THERE’S nothing quite like the feeling when after a long journey to some tropical destination, you joyously remove your shoes and take a stroll barefooted along the beach with the cool sea lapping languidly at your toes.
Perhaps you notice the occasional discrepancies of small pebbles or shells that inform your gait.
It all adds up to paint the pleasant picture of that prime holiday experience: walking barefooted along the beach.
My indignation at having to wear shoes began at an early age. Mum insisted I wore a pair of ill-fitting, shiny and big-buckled Clarks sandals to school every day.
When I ran in the playground they made a loud, embarrassing slip-slap kind of sound.
Anyway, my first rebellion against shoes then was during school PE lessons.
Not being particularly good at sports I was, however, a very fast runner.
When I was 11 years old, my PB for the 100m sprint was 11.2 seconds.
I discovered running barefooted made it astonishingly easier to run well and much faster than anyone else.
My teachers, of course, frowned upon it and insisted wearing cumbersome trainers would support and protect the feet, allowing one to run better.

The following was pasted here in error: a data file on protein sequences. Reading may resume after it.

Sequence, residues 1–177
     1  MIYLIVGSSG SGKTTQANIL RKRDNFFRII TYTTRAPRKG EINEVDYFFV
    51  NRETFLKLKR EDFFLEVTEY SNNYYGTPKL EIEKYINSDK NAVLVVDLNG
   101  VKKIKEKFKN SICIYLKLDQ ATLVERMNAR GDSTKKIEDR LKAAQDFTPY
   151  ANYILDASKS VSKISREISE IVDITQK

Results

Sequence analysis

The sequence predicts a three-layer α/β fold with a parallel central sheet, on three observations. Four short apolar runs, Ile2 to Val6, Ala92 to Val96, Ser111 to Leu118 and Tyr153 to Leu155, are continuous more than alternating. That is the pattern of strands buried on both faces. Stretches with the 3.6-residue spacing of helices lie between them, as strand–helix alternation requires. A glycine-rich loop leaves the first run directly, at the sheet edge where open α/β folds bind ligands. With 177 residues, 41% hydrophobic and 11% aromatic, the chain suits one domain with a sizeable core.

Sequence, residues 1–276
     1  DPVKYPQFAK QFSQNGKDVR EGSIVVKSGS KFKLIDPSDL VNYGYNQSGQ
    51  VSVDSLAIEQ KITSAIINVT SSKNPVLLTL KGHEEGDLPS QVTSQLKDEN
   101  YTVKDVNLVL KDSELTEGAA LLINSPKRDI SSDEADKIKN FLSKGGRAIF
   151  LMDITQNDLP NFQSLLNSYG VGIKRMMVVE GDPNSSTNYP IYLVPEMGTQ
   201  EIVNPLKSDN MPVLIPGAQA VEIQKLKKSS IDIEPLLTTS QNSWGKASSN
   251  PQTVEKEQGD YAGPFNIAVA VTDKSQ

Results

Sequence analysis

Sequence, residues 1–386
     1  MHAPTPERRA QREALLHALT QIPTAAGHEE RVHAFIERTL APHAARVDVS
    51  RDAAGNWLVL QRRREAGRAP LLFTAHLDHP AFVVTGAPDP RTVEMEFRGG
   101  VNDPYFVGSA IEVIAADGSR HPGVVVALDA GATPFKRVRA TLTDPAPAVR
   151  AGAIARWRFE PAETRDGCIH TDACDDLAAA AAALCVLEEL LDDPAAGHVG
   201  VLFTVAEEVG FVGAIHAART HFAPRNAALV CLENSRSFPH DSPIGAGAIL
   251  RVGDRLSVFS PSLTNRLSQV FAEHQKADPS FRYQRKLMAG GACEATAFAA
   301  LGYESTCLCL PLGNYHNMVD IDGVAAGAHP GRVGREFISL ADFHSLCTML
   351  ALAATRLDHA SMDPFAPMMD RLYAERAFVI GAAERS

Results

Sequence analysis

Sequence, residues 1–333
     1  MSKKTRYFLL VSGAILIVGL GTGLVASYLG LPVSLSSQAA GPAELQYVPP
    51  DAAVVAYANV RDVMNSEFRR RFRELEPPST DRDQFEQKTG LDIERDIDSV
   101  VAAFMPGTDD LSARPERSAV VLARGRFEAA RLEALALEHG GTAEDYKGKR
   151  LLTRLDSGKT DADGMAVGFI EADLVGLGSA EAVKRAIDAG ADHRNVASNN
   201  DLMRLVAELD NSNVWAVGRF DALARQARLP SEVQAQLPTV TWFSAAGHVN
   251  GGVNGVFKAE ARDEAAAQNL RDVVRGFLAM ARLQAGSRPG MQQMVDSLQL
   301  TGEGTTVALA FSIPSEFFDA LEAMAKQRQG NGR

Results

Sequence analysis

Other adults viewed it as being simply too dangerous.
The evidence of my success however could not be disputed and sometimes I would race the adults and beat them to prove my point.
Nonetheless we argued about it each and every week until I left primary school.
These days my feelings are the same and I’m happy to say there is a huge body of excellent research that suggests the restricted natural foot movement that almost all modern footwear tends to inflict upon us inhibits healthy movement throughout the whole body structure, compromising all bodily functions and movement generally.
Those of you who know me are aware of my favoured funny-looking footwear.
I am happy to admit I can’t be barefooted all the time, but there is a close second: Vibram Five Fingers.
These wonderful things are like gloves for your feet. I warn you now they offer no arch support, are quite expensive and look mighty queer.
However, over the few years I have been wearing mine, my feet have become like sprung steel.
I would never go back to wearing normal shoes all the time.